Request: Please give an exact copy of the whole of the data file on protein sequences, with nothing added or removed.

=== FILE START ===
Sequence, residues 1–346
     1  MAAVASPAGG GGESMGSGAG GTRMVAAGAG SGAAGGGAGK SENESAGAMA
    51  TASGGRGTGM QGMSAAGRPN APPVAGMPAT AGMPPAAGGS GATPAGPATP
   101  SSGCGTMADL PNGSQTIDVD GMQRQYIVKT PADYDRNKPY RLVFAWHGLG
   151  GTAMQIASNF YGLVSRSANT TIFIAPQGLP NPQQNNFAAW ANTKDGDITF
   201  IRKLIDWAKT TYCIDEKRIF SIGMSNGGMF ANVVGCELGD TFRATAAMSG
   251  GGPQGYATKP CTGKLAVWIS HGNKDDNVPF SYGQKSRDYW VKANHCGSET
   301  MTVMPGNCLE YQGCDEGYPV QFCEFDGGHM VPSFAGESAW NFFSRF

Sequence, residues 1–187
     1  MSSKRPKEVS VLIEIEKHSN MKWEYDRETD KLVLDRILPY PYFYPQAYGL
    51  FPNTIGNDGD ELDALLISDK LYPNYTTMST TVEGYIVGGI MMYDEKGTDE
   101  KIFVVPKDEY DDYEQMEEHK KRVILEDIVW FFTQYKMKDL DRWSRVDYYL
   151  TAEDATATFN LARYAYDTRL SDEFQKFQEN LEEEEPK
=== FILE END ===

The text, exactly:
Sequence, residues 1–346
     1  MAAVASPAGG GGESMGSGAG GTRMVAAGAG SGAAGGGAGK SENESAGAMA
    51  TASGGRGTGM QGMSAAGRPN APPVAGMPAT AGMPPAAGGS GATPAGPATP
   101  SSGCGTMADL PNGSQTIDVD GMQRQYIVKT PADYDRNKPY RLVFAWHGLG
   151  GTAMQIASNF YGLVSRSANT TIFIAPQGLP NPQQNNFAAW ANTKDGDITF
   201  IRKLIDWAKT TYCIDEKRIF SIGMSNGGMF ANVVGCELGD TFRATAAMSG
   251  GGPQGYATKP CTGKLAVWIS HGNKDDNVPF SYGQKSRDYW VKANHCGSET
   301  MTVMPGNCLE YQGCDEGYPV QFCEFDGGHM VPSFAGESAW NFFSRF

Sequence, residues 1–187
     1  MSSKRPKEVS VLIEIEKHSN MKWEYDRETD KLVLDRILPY PYFYPQAYGL
    51  FPNTIGNDGD ELDALLISDK LYPNYTTMST TVEGYIVGGI MMYDEKGTDE
   101  KIFVVPKDEY DDYEQMEEHK KRVILEDIVW FFTQYKMKDL DRWSRVDYYL
   151  TAEDATATFN LARYAYDTRL SDEFQKFQEN LEEEEPK